How, feasibly, could a sparkling new office block coexist on the same site with the old Bryant & May match factory (a unique Liverpool landmark with decorative red Lancashire roses affixed on the white columns of the façade) that also bears an uncanny resemblance to a giant piece of birthday cake? It’s not the most obvious combination.
This is a consideration that shedkm architects may have grappled with in 2005 when planning phase three of the Matchworks development – a project that kicked off over 10 years ago with the conversion of the grade II listed factory and storage warehouse into commercial space. But the recently completed Matchbox, a steel and glass pavilion located on the front corner of the site near the main road, was actually designed to be a Liverpool landmark in its own right.
“From the start we knew we wanted an iconographic building – it was conceived as a floating glass jewel,” says Neil Dawson, the rather outspoken Liverpudlian who ran the project for shedkm in association with Snook Architects. “The whole process went smoothly, which is a bloody miracle for Liverpool council – who are scum of the earth – and you can quote me on that,” he declares. Right. Toto, we’re not in Kansas anymore. We’re in Liverpool – where men will say ‘floating glass jewel’ and ‘scum of the earth’ in one extended breath.
In any case, the floating jewel metaphor is fitting because the building’s concrete cantilevered base hoists up three fully glazed floors above ground level, like a gem in the surrounding grassy mound. This is not to say, though, that Matchbox ignores or somehow competes with the historical context of the site. Out of ‘homage and respect’, the new building is orientated toward the looming water tower on top of the factory and its outer steel frame echoes the geometric grid of the original structure. The frame was initially conceived as a bit of aesthetic enhancement, says Dawson, but it actually serves as a cross brace for the building and a way to conceal the external solar louvres, which when brought down transform Matchbox into a kind of fortress. “The louvres are the most important bit. Once the blinds start going up and down, it looks alive. It changes,” he adds.
Inside, air-conditioned open plan office space is situated around a central concrete circulation core, with reception and meeting rooms on the ground floor. Sculptural steel balustrades in bright red (a subtle reference to the roses of the original factory) form a narrow atrium up through to a roof light, knitting the building together and acting as a chimney in case of fire. “It gives connection,” Dawson explains. “You know when you’re waiting for the lift and you look at people on other floors, maybe there is somebody you want to spit on?” Err, not really. “Well, it’s like that up North. You can’t like everyone in work, can you,” he asks, probably only half joking.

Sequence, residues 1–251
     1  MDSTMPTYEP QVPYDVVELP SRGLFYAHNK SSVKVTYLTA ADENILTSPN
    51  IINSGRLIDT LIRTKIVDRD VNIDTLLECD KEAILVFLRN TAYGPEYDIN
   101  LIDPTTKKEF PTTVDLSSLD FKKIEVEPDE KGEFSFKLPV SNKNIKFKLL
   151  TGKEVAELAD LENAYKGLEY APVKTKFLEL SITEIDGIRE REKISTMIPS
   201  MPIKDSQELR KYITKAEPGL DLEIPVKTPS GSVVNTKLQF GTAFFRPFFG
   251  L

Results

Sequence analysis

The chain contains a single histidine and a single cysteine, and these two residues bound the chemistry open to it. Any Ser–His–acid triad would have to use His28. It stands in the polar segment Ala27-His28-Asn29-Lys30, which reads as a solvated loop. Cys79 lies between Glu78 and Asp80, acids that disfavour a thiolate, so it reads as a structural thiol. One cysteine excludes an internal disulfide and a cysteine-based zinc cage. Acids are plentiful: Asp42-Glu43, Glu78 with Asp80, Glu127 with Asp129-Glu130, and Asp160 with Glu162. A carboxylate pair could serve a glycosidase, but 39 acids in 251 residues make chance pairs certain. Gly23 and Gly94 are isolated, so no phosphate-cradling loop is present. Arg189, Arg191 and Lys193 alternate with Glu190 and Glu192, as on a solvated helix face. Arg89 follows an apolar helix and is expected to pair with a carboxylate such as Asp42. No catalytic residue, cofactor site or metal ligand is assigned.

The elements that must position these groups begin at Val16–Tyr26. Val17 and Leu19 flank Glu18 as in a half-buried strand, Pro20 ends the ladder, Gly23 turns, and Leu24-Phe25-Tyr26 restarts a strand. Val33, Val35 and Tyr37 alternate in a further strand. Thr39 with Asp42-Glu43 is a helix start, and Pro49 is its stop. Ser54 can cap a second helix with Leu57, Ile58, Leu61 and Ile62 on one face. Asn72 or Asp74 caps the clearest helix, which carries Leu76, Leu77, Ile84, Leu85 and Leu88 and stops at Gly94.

Accents of bright red throughout the building add “just a little splash of colour to jolly the place up a bit” while still leaving the rest quite neutral for potential
As a speculative build, the three main work floors needed to be as flexible as possible and so can be split into six smaller units although the owner, Urban Splash, would rather let to one tenant. “They’re holding out for that, but obviously in this climate it may not happen,” Dawson says.
Raw concrete walls, stairs with pre-cast treads that integrate lenses for the visually impaired, stainless steel handrails and unusually high ceilings in the toilets are lovely details. “I could make big decisions in those loos,” muses Dawson.
Raised floors in the open plan areas hide services and the ceilings are kept as exposed concrete planks. “I liked the raw nature of the utilitarian planks,” he says. “The match factory was made with concrete, which is why it’s listed, and that’s why we thought we’d use it too.”
But in fact, the whole low tech aesthetic is something Dawson is really keen on. “It’s kind of a cliché now, but, this building is minimal – not in a white marble house kind of way but a more raw feeling, more honest. The fact that the concrete basin planks aren’t perfect – I don’t mind that.” He takes it that one bit further: “Some men like plastic surgery. I don’t. I like imperfections. I like to see every nut and bolt.”
So what’s next for the Matchworks? Snook has finished a feasibility study for the next phase, which will likely entail four buildings at the back of the site similar in size to Matchbox but cheaper to build. Matchbox, says Dawson, will be the showpiece for the wider development – hopefully drawing in the blue chip companies. “At the back the aim is attract smaller businesses, more modest set ups, like architects.” And hopefully people we don’t want to spit on.